“Could you sit for an hour looking out at the water?” The lady well into the tenth decade of her life looked at me earnestly. An honest answer would be required to the quite unanticipated question. It would probably not be the answer that the lady might have expected.
“I could,” I said, “I could sit on a bench and look out over the sea for an hour and not worry about the time.” The lady gave me a quizzical look, almost as though I had said something outrageous. Having lived almost four decades longer, perhaps she wondered what sort of people the younger generation were becoming.
“I couldn’t,” she said, “I would have to be doing something.”
Perhaps I should have admitted to being an instinctively lazy person, content to find any reason not to do the things that need to be done. (Expected to present a paper at a symposium in Wales in two weeks’ time, not a word has yet been written, there has been an abundant supply of reasons for procrastination.)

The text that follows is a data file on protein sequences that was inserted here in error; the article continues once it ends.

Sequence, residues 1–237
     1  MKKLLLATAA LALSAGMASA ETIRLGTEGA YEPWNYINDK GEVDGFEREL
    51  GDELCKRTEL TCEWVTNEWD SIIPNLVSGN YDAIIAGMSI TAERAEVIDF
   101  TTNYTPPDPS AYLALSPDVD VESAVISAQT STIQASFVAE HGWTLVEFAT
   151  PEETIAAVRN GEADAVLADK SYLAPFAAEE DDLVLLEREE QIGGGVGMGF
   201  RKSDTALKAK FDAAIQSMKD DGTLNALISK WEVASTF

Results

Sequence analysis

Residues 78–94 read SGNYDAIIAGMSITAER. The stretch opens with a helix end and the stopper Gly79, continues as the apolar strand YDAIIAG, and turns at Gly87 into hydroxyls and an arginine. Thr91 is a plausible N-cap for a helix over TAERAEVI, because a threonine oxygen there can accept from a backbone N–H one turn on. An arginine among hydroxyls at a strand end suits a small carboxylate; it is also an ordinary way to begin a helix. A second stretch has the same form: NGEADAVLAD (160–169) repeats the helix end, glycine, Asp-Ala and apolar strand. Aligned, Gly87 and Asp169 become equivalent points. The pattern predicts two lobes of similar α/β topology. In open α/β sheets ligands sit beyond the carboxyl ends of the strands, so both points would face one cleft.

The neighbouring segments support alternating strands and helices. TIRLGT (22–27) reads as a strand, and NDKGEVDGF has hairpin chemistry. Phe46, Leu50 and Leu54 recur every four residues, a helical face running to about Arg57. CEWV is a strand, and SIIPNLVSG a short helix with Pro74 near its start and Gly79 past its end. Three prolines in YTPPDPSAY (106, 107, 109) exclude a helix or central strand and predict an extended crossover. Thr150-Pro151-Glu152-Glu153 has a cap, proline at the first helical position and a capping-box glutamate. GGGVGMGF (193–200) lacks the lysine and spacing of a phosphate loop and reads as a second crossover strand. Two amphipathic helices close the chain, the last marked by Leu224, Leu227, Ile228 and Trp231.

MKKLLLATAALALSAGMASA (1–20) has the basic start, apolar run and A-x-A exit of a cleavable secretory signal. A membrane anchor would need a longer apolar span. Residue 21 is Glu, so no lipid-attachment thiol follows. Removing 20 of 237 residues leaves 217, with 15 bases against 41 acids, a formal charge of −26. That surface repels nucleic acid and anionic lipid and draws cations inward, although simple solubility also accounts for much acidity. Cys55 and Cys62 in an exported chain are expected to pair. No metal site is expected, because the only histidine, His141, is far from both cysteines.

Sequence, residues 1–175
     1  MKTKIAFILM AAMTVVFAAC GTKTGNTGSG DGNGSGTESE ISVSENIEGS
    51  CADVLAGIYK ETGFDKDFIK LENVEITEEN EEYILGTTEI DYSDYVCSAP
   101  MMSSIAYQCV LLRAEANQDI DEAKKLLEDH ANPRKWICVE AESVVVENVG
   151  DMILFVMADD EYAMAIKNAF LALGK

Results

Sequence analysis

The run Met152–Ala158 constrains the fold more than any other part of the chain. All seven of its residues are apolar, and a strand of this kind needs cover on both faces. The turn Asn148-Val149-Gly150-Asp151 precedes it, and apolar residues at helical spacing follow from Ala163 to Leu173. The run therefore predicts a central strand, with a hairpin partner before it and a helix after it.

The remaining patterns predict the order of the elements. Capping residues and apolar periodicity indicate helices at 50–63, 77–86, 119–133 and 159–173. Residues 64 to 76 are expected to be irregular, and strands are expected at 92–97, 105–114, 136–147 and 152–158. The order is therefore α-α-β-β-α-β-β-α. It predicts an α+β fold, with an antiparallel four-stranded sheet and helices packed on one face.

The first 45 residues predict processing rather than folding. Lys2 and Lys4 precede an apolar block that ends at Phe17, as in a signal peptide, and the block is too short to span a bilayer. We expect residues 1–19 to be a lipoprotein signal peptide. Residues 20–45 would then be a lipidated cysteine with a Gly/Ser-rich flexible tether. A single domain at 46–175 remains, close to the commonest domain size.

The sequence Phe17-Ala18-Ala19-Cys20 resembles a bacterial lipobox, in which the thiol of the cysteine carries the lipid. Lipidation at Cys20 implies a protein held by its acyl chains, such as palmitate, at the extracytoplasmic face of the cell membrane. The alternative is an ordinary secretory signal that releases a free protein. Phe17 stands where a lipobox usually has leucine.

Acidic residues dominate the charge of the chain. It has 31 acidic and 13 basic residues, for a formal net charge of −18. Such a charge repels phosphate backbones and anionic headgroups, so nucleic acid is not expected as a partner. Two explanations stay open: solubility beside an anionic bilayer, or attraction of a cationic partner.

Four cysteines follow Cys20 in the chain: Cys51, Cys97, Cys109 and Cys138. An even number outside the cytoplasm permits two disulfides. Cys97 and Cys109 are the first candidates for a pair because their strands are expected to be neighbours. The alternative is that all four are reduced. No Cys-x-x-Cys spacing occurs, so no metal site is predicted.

The diocesan clergy conference gathered yesterday at Ballinacourty outside of Dungarvan in Co Waterford. Meeting for three days each October, the Tuesday afternoon is left as free time, people sleep, or talk, or read, or go for a walk or drive.
The walk into Dungarvan takes an hour, along the path that follows the course of the old railway line. Arriving in the town at three o’clock, the Best Beloved declared a wish to browse the shops; we agreed to meet at four o’clock and went separate ways.
Following the harbour wall, a point is reached where there is a view down toward the estuary. The council have thoughtfully provided benches upon which someone intent on looking out at the water can simply sit and pass the time. It wasn’t the best time to sit there, the sky was grey, the tide was ebbing and there was a cool breeze, but it was tranquility.
Sitting in Dungarvan, a conversation heard years past in the North came to mind.
“What’s heaven like?”
“Heaven?” said the pastor, “Heaven for for me will be standing with my dog on a bridge in one of the glens of Antrim; just standing there looking down the glen. And someone will come up and say, “What are you doing?”
And I’ll say, “I’m just standing here enjoying the view.”
And they’ll say, “Are you standing here long?”
And I’ll say, “Ach, no, not more than ten thousand years.”
What’s heaven like? Maybe it’s like sitting on the harbour wall in sweet Dungarvan town doing no more than just watching the water.